A cosmopolitan trio of films from Iran, France and West Virginia
By JOSEPH CUNNEEN
October Sky (Universal Pictures) tells an uplifting and nostalgic story of a West Virginia high school boys 1957 ambition: Im gonna build a rocket like Sputnik.
Unfortunately, its also rather pat, aiming too earnestly at its emotional center, but after seeing the show in an audience composed largely of cheering New York inner-city middle-schoolers, it was hard for me not to give the movie two cheers for wholesomeness.
The students laughed when the rocket ricochets dangerously in the first attempts to shoot it off. They cheered Homer Hickams growing sense of independence. Hes proved right when he challenges the school principal and even his father.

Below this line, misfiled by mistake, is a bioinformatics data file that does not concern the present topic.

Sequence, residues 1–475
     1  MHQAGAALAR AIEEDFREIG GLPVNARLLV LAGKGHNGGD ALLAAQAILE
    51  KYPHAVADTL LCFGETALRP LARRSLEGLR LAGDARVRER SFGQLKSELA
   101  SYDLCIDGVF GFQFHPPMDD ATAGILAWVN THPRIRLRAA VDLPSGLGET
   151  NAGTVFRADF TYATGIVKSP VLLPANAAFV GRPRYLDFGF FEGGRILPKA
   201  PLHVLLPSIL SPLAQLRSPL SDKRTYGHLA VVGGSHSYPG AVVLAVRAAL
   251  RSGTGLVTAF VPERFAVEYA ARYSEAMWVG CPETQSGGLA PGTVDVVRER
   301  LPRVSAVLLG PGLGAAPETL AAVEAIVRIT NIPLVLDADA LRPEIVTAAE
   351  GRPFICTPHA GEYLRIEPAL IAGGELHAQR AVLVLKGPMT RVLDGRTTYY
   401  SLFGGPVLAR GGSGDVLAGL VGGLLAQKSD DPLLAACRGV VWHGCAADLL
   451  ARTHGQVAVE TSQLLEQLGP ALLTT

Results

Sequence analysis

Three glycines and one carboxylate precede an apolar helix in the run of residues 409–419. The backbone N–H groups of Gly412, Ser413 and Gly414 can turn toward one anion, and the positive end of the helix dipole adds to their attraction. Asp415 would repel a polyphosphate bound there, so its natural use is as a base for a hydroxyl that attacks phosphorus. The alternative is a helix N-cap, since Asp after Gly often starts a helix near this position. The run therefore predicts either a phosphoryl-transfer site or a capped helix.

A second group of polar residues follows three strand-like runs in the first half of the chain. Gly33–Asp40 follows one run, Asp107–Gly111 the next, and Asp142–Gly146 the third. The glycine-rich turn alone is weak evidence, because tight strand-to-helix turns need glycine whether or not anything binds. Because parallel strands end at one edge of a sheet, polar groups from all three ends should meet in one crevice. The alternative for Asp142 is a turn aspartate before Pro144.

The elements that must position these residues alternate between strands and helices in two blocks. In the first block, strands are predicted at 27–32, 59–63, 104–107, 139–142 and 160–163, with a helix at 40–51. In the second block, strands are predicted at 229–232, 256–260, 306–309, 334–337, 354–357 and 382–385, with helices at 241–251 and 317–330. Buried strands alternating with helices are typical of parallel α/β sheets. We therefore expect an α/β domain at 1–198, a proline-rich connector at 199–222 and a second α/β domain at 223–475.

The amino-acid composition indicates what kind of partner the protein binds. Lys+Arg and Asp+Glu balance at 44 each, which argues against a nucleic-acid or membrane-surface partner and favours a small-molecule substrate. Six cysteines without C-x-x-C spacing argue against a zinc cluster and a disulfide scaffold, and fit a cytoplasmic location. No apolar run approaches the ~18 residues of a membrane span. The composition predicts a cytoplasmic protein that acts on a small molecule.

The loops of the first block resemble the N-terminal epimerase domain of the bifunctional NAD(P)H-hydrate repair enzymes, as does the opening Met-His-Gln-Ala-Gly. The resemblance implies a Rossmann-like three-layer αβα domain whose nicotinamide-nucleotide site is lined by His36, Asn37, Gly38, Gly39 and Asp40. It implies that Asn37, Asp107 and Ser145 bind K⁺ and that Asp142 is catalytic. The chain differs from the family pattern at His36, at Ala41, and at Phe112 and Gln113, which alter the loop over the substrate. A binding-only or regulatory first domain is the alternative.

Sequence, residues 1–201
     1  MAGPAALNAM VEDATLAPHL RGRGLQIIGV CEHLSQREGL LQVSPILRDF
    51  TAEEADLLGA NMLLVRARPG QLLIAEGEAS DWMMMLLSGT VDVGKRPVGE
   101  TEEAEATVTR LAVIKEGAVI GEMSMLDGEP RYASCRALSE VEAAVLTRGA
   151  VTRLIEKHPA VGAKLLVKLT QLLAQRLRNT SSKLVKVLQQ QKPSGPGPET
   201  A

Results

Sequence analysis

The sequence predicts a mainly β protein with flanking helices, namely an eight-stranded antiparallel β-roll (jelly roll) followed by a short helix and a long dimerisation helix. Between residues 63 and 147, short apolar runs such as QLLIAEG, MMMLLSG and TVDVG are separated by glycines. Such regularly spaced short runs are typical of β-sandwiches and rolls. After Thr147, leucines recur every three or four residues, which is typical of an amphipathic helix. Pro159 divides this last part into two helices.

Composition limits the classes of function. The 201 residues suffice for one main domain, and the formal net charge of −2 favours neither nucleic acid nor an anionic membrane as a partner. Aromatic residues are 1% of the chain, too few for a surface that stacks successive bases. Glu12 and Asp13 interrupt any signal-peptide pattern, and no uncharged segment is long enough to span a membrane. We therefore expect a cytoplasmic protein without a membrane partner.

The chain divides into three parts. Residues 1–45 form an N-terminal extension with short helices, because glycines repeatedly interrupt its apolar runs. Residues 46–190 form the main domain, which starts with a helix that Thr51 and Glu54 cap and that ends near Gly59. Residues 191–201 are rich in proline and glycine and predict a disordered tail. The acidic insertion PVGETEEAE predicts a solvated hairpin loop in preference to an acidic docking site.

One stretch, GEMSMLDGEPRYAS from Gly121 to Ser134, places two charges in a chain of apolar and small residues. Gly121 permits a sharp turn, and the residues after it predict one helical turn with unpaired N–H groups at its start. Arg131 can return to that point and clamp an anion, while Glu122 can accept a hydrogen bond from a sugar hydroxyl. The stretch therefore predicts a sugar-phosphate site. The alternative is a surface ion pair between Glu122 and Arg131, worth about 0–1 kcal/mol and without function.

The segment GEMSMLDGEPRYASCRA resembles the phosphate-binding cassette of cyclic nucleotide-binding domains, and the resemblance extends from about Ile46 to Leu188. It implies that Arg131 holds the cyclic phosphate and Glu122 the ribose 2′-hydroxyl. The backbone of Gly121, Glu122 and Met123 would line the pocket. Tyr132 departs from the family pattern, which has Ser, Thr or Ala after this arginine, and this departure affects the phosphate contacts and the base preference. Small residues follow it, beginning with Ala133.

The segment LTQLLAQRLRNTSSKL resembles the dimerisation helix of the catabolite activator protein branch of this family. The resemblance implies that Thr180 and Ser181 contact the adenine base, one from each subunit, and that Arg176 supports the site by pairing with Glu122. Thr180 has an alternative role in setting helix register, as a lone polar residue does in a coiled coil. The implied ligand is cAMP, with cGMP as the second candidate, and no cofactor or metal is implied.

What makes October Sky work, however, is that director Joe Johnston helps us feel the centrality of the coal mine to the community -- the movie was shot in and around Knoxville, Tenn. -- as well as the beauty of the surrounding hills and open sky that inspire dreams of adventure and escape.
Without the rocket project, 17-year-old Homer (Jake Gyllenhaal) and his three collaborators would have spent their entire lives like the other high school boys of Coaltown -- except for an occasional lucky one who got a football scholarship -- in dangerous mine shafts, threatened by recurrent disasters and the inevitability of black lung disease.